§ 2. Mr. Hanson
To ask the Secretary of State for the Home Department who gave instructions to the Director of Custody (Prisons) with regard to the removal from office of the governor of Parkhurst prison on 10 January.
§ The Secretary of State for the Home Department (Mr. Michael Howard)
The decision to move the then governor of Parkhurst to other duties was taken by the Director General of the Prison Service after consulting the directors of custody, security and personnel.
§ Mr. Hanson
Is the Home Secretary aware that there is a strong suspicion among the press, the public and prison staff that the governor was removed directly on his orders as a sacrifice to the House on 10 January? Does he further agree that, however the matter was resolved, it has had a detrimental effect on prison governors' morale and on the morale of the Prison Service? The right hon. and learned Gentleman should face up to his responsibilities by accepting that he had a hand in the removal.
§ Mr. Howard
I refer the hon. Gentleman to the minutes—available to everyone—of the evidence that I gave to the Home Affairs Select Committee just two weeks ago, in which I dealt with this and similar questions in great detail. If the hon. Gentleman looks at the record of my answers, he will find that the suspicions to which he referred are quite without foundation.
§ Mr. Barry Field
Will my right hon. and learned Friend confirm yet again that none of the staff moved from Parkhurst prison was dismissed, and that people were moved for their own safety pending the outcome of the inquiry into the escapes?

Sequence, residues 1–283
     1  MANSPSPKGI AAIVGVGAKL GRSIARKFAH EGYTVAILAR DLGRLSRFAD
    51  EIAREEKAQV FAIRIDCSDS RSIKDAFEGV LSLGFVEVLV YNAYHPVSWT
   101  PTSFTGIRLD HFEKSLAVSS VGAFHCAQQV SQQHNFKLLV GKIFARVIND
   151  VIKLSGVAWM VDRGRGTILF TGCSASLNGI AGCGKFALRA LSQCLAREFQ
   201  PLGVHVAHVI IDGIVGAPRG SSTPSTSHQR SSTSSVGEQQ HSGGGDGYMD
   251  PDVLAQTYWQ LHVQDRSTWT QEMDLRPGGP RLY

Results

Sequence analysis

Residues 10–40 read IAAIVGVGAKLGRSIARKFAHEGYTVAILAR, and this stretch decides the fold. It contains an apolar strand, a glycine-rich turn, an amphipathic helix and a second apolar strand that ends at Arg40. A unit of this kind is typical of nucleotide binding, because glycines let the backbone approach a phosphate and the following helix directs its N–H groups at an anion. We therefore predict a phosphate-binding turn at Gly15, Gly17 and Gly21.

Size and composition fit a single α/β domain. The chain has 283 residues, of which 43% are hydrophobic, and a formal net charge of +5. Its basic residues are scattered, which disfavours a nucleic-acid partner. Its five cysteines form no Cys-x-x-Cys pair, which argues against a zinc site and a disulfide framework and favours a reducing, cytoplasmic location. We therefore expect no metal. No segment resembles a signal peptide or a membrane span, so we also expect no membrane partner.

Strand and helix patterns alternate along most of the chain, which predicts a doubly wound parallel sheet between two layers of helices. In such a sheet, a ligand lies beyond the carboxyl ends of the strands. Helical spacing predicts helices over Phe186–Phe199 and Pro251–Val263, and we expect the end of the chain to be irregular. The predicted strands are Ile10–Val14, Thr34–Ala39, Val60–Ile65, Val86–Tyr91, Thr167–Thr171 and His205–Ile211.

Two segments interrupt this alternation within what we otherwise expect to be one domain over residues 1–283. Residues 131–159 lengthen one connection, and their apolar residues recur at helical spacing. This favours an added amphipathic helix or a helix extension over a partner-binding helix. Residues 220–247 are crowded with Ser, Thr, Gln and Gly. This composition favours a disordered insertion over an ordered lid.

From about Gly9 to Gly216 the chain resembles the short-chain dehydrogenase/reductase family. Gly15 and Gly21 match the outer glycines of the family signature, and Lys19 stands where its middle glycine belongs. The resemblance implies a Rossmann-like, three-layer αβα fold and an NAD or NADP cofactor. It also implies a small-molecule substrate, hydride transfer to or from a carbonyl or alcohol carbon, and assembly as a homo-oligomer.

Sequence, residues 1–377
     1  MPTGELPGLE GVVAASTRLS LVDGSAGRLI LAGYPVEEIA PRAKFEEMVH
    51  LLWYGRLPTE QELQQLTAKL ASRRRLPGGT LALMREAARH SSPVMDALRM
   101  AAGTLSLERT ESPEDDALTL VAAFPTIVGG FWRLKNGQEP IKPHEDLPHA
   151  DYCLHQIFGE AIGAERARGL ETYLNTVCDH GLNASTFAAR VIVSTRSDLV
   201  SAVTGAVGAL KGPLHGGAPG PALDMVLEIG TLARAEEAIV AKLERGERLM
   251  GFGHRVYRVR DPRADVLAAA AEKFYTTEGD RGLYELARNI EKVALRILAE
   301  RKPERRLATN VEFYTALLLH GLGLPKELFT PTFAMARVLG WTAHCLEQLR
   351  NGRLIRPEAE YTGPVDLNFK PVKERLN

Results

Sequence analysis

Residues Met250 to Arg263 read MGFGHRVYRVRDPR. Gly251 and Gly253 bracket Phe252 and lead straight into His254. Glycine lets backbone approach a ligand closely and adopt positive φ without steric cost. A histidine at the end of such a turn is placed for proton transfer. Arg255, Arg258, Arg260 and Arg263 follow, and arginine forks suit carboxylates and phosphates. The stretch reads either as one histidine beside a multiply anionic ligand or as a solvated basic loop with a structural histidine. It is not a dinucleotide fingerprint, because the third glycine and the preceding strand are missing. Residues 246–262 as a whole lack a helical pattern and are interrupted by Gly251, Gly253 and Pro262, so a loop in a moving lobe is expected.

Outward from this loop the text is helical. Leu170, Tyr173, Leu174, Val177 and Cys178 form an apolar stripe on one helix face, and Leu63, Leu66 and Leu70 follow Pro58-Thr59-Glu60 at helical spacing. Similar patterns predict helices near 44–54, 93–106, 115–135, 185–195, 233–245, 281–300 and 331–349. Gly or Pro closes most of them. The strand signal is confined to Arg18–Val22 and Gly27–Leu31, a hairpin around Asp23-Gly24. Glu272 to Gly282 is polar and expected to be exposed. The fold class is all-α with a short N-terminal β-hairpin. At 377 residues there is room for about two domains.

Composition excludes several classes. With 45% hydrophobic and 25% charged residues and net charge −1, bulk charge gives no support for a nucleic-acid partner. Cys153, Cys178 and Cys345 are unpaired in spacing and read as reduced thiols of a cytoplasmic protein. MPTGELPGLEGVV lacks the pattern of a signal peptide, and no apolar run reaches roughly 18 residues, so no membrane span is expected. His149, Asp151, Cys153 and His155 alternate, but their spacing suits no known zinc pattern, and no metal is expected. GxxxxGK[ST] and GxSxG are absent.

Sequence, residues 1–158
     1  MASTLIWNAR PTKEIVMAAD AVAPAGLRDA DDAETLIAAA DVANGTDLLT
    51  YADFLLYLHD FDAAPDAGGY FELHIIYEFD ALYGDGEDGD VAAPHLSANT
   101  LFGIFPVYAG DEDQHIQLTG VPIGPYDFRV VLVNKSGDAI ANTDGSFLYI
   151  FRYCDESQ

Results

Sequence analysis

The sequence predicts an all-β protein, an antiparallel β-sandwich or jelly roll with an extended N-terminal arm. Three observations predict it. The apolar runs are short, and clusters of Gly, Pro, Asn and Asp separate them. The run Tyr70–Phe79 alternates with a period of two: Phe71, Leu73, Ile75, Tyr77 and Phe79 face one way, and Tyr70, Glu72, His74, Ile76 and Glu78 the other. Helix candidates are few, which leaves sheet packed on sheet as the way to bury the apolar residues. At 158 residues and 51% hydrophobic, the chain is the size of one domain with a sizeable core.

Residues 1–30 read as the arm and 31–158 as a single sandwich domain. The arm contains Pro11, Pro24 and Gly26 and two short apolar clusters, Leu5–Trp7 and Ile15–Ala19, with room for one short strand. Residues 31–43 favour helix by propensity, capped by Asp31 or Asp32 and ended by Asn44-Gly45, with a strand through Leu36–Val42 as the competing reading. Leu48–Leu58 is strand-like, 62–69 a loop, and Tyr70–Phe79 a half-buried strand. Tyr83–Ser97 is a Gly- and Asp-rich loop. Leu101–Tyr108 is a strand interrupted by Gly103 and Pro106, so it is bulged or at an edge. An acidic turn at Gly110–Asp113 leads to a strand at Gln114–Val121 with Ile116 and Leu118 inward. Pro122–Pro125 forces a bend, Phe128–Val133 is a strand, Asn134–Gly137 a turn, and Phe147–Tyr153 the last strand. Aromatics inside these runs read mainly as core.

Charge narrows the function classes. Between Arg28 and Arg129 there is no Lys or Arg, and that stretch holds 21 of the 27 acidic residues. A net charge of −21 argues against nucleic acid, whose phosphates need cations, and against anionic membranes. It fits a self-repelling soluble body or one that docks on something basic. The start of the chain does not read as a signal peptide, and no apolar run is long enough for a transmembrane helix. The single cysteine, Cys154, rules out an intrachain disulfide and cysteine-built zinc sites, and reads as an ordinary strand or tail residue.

§ Mr. Howard
I made it absolutely clear, as I told the House on that occasion, that the movement of those concerned was pending the outcome of disciplinary investigations and any subsequent proceedings. My hon. Friend is absolutely right to draw attention to that fact.
§ Mr. George Howarth
Is it not precisely because of the evidence in the minutes to which the Home Secretary referred that suspicion remains? Is not the clear truth of the matter that, in his desperation to retrieve his damaged political reputation, the Secretary of State was determined to come to the House on 10 January with Mr. Marriott's head on a platter? The manner in which Mr. Marriott has been scapegoated brings credit on neither the Home Secretary nor the Prison Service. It is a downright disgrace.
§ Mr. Howard
I notice that neither the hon. Gentleman nor other Opposition Members have seen fit to suggest how they would have acted in similar circumstances. It was essential that the management of that prison, with the number of high-risk category A prisoners still there, should be carried out efficiently and effectively in all the circumstances. It was made absolutely clear at the time 441 that that was why the director general made his decision. If we are to have the kind of criticism that we have just heard from Opposition Members, they should tell us what they would do, or would have done, in similar circumstances.
§ Mr. Brazier
I have a prison in my constituency. Does my right hon. and learned Friend agree that, while we cannot prejudge the outcome of the disciplinary proceedings, if the events at that prison were substantially as they have been reported, it is right that people should be held accountable for them?
§ Mr. Howard
My hon. Friend and the House will understand that I cannot and will not prejudge the outcome of those disciplinary proceedings. It has been made absolutely clear time after time why the director general took the action that he took on that day. We shall have to await the outcome of the disciplinary proceedings in due course.